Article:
Aycock Brown Papers and Fessenden National Memorial Society Records

There are two new finding aids on the Outer Banks History Center website:

Aycock Brown Papers, 1934 – 1965
Aycock Brown (1904-1984) was a journalist, publicity director and photographer from Caldwell County, North Carolina. During the summer of 1928, Brown was hired to promote the Beaufort and Atlantic Beach area, after which he accepted a job promoting the Pamlico Inn on Ocracoke Island in exchange for room and board. Brown wrote a popular column, “Covering the Waterfront,” that ran in newspapers across North Carolina. He also wrote for the Durham Herald, edited the Beaufort News and founded the Ocracoke Beacon. In the 1930s, he worked for the Beaufort Chamber of Commerce. Though some of the materials in this collection reflect Brown’s later work in Dare County, the majority of these papers are from the time period that Brown worked for the Beaufort County Chamber of Commerce in the 1930s. (.68 cubic feet)

Fessenden National Memorial Society Records, 1927 – 1980
Reginald Aubrey Fessenden (1866-1932), a radio pioneer, performed experiments on Roanoke Island and Hatteras Island, North Carolina, between 1901-1902. He is considered by many to be the “father of voice radio.” Plans to memorialize his work in the area began in 1941. Members were recruited for the Fessenden National Memorial Association under the leadership of D. Victor Meekins. These plans were well underway by 1963. However, when Meekins died a year later in 1964, the group became inactive. Meekins’ son Roger tried to resurrect the group, but in 1980, transferred the land they had set aside for their proposed memorial to the Roanoke Island Historical Association, the producers of America’s longest running outdoor symphonic drama, The Lost Colony. The Fessenden National Memorial Society Records contains materials related to the Fessenden National Memorial Society and includes correspondence, meeting minutes, membership lists, bank statements, deeds, photographs, and press releases related to the USS Fessenden, a destroyer escort built for the U. S. Navy during World War II. (.24 cubic feet)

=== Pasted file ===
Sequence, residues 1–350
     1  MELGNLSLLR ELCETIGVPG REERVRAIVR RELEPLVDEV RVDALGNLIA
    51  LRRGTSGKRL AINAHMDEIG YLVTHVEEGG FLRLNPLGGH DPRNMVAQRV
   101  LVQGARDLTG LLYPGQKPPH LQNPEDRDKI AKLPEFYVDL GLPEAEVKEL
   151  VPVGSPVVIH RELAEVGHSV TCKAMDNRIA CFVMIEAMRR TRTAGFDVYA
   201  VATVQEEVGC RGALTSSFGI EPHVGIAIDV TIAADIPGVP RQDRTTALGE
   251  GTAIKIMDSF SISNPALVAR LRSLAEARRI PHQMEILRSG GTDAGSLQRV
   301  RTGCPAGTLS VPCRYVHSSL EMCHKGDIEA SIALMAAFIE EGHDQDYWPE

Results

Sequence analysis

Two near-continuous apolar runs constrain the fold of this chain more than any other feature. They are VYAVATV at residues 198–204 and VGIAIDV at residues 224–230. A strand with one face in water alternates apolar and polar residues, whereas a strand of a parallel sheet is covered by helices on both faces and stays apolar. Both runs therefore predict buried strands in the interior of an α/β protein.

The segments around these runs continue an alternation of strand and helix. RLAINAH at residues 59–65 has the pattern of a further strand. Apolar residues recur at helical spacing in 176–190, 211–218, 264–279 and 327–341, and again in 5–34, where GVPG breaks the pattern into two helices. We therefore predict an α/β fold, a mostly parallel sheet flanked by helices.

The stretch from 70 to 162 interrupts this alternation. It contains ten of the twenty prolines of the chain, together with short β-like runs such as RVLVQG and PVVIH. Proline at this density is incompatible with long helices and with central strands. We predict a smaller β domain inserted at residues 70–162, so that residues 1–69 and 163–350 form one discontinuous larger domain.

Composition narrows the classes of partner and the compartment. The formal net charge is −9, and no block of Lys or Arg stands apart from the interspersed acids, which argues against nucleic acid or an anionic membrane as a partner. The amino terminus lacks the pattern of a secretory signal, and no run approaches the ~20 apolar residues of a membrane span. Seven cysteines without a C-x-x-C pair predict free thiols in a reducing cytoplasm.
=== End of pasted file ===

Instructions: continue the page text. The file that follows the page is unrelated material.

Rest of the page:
2 thoughts on “Aycock Brown Papers and Fessenden National Memorial Society Records

  1. John Sinz

    I was band director at Manteo High School and also started beginning band programs at Manteo and Kitty Hawk from 1970 to 1972. Aycock Brown gave me a photograph he had taken of Andy Griffith (my benefactor) and me during that time period. May the local newspaper in Billings, Montana, print that photograph in the paper, or do we need to get permission for them to do so?
    Thank you for your consideration!

  2. Ashley Post author

    I don’t know that I can answer that one, John. Typically the creator of the image (or their heirs) retains copyright unless otherwise stated. If this were an image in our collection I’d send you to our registrar to discuss any copyright issues. But it isn’t from our collection, so…

    The Aycock Brown Papers are at the Outer Banks History Center (see http://www.obhistorycenter.ncdcr.gov/services.htm#contact for their contact information) so you may want to give them a call to see if they know who retains copyright for his photographs. That would at least give you a place to start.

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